He slips in when her back is turned and stakes the family fortune. When he cannot meet the final raise, Meridith falls out and begs them to let his wife play. She has no clue but once the rules are explained, asks for a moment to get a loan. The banker, known to be highly risk adverse advances her the raise which causes a round of folding from the men who know him.
Few Lines from A Big Hand For The Little Lady
Sam Rhine, Hotel Owner: I’m not in the thinking business.
Sparrow the Stagedriver: I wouldn’t play poker with Henry Drummond if his back was to a mirror! Even if I had the money!
Dennis Wilcox: Now look, mister, the first rule of the game of poker, whether you’re playing eastern or western rules, or the kind they play at the North Pole, is put up or shut up!
Benson Tropp: Any man who gets himself married is automatically stupid.
Cincinnati Kid 1965
The Cincinnati Kid (Steve McQueen) takes his chances in a Poker showdown against Lancey “The Man” Howard (Edward G. Robinson). Both The Kid and Howard are unaware that the game has been rigged in The Kid’s favor. The Dealer, Shooter (Karl Malden), has been bribed. The Kid finds out and wants to play it straight. After switching Dealers The Kid goes on a legendary run, only to see his luck dissipate during an unlikely hand.
Few Lines from Cincinnati Kid
Lancey Howard: [to Cincinnati Kid] You’re good, kid, but as long as I’m around, you’re only second best.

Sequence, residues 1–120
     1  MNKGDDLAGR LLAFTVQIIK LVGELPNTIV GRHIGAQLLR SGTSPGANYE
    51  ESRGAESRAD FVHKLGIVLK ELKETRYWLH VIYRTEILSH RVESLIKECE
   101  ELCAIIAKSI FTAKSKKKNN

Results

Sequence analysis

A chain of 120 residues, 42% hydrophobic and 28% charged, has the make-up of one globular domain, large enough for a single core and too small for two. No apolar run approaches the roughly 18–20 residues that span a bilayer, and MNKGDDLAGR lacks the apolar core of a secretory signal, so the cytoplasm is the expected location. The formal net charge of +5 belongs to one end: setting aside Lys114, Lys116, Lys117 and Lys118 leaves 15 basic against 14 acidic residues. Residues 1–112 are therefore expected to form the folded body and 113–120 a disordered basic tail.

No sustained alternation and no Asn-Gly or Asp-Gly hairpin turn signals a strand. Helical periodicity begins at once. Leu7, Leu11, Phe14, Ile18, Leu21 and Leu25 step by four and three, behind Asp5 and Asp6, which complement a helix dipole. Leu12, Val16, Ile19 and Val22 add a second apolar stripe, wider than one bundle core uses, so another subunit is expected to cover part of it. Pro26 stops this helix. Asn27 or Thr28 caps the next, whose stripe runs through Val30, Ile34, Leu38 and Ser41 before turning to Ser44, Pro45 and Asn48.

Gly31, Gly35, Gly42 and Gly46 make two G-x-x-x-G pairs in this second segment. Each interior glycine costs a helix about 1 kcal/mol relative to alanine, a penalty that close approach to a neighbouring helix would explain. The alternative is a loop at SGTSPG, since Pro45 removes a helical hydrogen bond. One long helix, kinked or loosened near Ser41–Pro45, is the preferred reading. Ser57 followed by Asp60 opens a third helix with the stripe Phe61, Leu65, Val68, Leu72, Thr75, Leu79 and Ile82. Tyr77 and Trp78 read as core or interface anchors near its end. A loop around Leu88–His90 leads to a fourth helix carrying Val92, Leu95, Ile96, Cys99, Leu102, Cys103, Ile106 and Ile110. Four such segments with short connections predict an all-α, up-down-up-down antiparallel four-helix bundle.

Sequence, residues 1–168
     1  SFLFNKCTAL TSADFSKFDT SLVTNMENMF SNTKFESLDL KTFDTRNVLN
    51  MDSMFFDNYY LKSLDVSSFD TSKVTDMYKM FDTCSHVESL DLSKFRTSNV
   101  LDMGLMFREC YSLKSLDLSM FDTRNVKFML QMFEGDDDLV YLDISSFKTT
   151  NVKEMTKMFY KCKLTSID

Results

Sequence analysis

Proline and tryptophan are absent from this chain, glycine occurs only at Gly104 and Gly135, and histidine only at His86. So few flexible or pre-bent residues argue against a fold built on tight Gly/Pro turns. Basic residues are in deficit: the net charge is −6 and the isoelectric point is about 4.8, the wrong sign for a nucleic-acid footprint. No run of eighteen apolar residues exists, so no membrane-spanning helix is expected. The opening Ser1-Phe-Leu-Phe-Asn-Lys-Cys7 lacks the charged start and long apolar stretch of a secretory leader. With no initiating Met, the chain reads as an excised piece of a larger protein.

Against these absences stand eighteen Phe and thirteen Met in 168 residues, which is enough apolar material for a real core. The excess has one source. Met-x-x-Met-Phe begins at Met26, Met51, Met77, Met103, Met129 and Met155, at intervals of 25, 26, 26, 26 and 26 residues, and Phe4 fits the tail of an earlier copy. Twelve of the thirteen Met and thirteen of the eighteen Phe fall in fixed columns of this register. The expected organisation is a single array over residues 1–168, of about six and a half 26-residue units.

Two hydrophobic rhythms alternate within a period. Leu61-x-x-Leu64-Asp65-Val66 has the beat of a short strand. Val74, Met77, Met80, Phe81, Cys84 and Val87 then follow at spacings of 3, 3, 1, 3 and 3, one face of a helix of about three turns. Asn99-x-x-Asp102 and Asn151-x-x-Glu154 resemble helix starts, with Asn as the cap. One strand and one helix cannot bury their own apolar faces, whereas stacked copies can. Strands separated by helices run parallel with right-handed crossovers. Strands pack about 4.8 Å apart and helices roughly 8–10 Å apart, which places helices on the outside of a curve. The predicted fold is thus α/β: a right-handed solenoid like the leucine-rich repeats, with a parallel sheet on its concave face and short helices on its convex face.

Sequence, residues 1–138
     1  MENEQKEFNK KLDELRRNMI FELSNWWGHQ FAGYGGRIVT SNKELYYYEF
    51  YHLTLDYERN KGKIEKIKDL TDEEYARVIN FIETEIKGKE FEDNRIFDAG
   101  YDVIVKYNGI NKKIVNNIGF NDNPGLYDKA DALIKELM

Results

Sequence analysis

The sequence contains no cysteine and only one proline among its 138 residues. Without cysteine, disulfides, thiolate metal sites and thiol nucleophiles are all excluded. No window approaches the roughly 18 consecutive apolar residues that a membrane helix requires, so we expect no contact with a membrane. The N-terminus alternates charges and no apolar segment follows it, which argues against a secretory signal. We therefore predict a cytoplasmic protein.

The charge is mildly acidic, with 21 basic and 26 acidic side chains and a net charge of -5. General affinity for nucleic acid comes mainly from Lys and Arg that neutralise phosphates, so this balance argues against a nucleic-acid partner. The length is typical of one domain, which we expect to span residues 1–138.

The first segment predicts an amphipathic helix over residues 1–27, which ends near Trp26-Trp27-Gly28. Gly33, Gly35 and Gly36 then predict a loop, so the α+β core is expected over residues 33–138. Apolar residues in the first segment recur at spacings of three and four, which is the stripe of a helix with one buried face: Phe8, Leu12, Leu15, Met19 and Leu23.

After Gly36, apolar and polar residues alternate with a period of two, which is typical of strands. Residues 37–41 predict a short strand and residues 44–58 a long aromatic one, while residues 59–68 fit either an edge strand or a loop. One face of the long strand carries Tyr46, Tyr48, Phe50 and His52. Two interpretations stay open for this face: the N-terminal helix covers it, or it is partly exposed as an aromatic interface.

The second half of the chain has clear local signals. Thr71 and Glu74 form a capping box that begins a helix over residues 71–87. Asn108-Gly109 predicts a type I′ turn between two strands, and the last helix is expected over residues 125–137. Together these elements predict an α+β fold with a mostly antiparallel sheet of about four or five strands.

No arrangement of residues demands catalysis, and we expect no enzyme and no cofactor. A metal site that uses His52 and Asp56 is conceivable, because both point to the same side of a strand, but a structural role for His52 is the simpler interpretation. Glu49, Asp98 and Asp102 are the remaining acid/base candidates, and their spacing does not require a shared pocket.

Lancey Howard: Women are a universal problem in our business. Of course, uh, it’s purely an academic question wuth me now, but, looking back, I think it’s best not to look for a fixed thing. Just tie into something nice when you’re away from the action and let it wear itself out.
Lancey Howard: [thinking on what he said to Lady Fingers] No, Lady; he hasn’t gotten to me. Not yet; but he might, he just might.
Honeymoon in Vegas 1992
Long before treasures were national and Sarah was launching young men out of their family home these two were crazy lovebirds on their way to be married in Vegas!
Unfortunately, for this couple Betsy (Parker) looks a lot like the dead wife of a professional gambler who cheats to put Jack (Cage) in deep debt to him, $65,000 to be exact, which he generously offers to forgive for one weekend with Betsy. Will his girl be won over by the wooing of a wealthy gambler who whisks her away to Hawaii? And will Jack ever manage to find her with Mahi Mahi (Pat Morita) driving him all over the Island?
Few Lines from Honeymoon In Vegas
Jack Singer: People get married and then they do the most hideous, unbelievable things to each other.
Tommy Korman: I don’t care if Ming the frigging Merciless is in there, gettem out, OK?